Wednesday, January 20, 2016

The Stigma of New Adult

Recently I discovered that I was mentioned in Library Journal for my Upper YA/New Adult story DIVIDED as part of a genre spotlight on Romance. I completely acknowledge that I was very fortunate to have Library Journal pick up DIVIDED and talk about it in their Romance spotlight. There are definitely other authors who are taking NA to other places as well, and were doing so before me.

I loved the comment for my story. It's exactly what I wanted from branding my story as New Adult when I discovered it could be described as NA. But there were other things in the article that I think the industry needs to take note of to make sure that New Adult survives. My concerns are also echoed in the fact that some YA bloggers are refusing New Adult reviews because of the stigma that NA lacks diversity and has too much of a focus on sex.

New Adult is largely considered a genre, when it should be a category. For New Adult to have longevity it needs to be across genres. At the moment it's more considered a romance genre with a focus on college romances, and to a lesser extent two people who find sexual healing with each other. But, for me, it should mirror YA and Adult that cover off across all categories. And some of the most popular YA stories could easily be NA.

Many protagonists are about to turn 18 and/or are about to head to college, or sometimes are already in college. Quite often by the end of a YA series, the original protagonists are most definitely in the NA world. But these stories are still labelled as YA as the NA is still sitting in the realm of a genre rather than a category. Some examples of this are Were She Went by Gayle Foreman, Fangirl by Rainbow Rowell, and the Kricket series.

In Australia, New Adult isn't really acknowledged at all. I was asked to make my character at high school instead of college by an agent so it could firmly be YA, as New Adult wasn't even a common term at the time I was querying it. This is why Rebecca Jame's novels Beautiful Malice, Sweet Damage and Cooper Bartholomew is Dead are technically considered YA.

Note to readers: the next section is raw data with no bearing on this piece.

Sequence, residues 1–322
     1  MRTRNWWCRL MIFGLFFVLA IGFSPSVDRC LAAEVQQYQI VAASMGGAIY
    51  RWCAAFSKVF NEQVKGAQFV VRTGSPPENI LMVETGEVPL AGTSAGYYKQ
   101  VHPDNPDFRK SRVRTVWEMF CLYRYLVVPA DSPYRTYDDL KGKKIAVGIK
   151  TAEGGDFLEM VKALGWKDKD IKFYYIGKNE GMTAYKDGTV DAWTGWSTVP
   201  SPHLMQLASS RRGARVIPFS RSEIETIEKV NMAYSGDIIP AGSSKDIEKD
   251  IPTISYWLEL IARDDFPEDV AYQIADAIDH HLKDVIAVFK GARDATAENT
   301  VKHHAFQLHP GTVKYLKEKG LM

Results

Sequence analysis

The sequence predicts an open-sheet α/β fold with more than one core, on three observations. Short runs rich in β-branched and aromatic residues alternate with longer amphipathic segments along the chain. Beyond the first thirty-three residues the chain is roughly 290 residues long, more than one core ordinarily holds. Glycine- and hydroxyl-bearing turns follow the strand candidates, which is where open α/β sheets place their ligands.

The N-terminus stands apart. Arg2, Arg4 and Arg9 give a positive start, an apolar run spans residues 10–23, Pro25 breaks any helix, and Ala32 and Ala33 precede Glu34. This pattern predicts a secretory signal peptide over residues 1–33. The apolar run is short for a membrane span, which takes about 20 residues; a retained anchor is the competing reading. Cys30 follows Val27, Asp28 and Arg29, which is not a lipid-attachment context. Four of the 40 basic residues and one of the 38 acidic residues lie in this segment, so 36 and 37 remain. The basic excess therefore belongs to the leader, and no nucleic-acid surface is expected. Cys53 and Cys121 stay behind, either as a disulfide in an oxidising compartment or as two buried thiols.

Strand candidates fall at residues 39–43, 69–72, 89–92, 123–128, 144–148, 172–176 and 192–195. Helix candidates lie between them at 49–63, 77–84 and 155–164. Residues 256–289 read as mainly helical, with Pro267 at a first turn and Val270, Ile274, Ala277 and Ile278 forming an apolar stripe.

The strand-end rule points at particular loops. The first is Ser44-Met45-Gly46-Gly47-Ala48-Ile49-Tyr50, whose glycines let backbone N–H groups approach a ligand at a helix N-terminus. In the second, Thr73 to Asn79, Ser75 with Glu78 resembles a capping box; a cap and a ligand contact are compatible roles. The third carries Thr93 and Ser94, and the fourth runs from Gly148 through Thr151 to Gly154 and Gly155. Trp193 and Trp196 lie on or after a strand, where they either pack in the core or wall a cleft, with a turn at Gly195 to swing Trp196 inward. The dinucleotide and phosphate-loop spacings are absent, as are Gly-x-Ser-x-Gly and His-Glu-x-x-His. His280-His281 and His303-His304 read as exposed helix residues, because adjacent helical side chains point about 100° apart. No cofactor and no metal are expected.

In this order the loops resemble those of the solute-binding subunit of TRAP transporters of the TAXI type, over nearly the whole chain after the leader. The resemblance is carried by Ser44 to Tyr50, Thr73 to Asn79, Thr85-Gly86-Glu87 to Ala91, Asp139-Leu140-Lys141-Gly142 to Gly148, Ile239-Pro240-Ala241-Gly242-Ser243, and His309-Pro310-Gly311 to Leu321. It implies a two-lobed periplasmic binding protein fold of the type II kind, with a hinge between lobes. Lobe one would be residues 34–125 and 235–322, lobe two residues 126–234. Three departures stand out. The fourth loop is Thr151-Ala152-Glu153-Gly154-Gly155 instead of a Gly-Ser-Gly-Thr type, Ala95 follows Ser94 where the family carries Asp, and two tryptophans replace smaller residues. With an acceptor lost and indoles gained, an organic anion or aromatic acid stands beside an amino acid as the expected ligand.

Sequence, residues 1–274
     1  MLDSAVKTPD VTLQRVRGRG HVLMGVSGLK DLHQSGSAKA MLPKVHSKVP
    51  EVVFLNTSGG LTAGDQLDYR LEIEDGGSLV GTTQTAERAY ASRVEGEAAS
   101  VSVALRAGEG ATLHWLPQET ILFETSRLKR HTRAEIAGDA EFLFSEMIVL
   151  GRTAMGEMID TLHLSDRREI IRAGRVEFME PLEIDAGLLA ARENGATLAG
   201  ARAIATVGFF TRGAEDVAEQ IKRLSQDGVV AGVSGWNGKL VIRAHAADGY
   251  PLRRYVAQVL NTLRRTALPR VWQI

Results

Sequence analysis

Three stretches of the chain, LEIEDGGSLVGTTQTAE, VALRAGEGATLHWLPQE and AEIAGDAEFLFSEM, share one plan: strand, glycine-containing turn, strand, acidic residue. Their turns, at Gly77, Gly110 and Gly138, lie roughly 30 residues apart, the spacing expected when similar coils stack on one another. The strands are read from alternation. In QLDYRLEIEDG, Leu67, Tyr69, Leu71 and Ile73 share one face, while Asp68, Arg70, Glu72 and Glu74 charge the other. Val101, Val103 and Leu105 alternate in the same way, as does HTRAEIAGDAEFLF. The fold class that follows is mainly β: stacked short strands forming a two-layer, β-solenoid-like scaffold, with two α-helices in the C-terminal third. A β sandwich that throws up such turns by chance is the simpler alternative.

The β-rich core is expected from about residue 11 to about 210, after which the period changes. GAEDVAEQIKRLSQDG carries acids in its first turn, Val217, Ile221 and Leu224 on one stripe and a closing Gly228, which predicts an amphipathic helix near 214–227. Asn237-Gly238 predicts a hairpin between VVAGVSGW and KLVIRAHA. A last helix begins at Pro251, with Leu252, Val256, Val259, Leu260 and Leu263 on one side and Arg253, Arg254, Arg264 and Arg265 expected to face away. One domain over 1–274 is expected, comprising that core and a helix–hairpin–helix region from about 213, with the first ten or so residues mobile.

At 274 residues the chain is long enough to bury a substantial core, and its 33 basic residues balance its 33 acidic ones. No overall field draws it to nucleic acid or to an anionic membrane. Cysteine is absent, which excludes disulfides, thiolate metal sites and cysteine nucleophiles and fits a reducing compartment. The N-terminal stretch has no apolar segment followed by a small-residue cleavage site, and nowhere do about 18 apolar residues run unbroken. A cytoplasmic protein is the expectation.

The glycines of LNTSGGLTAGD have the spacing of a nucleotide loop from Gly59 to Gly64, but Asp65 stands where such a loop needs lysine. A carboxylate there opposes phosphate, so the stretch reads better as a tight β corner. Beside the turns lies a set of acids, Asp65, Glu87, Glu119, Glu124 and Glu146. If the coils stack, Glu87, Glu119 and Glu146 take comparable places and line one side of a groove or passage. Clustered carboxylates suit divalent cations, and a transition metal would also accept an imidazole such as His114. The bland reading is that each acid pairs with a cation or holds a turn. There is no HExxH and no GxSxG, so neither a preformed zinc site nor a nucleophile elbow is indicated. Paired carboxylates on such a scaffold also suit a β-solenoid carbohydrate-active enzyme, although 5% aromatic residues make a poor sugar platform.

The article talks about a NA plateau, with few debut NAs coming through and a saturated market. Unlike YA, the NA saturated market is dominated by contemporaries.

Books like Losing It did a lot for the category, and authors who were brave enough to take the self publishing plunge when the industry said there was no real demand for college stories.

For me, this time was one of the most interesting times of my life. And like a lot of other people in the NA age category, it wasn't dominated by university. I deferred, got married, fell pregnant, lost my job, went back to uni at 21 with a baby. And there's lots of other stories out there.

I've also noticed a lot of people's reading habits decline at this age, which could contribute to the perceived lack of demand. But is this because the readers don't find themselves represented in stories. Then there is also the fact that children and teens often read up and books set straight after graduation give them insight into what's to come.

Originally when I wrote Divided I'd never heard of NA. Thankfully City Owl Press is a forward thinking publisher who saw that NA can branch out beyond the contemporary realm, as have a lot of other indie publishers and authors.

Ultimately the fate of New Adult is in the hands of the readers, who can with their buying power show the publishing industry whether or not they want this genre to expand into a category that can stand on it's own long-term.

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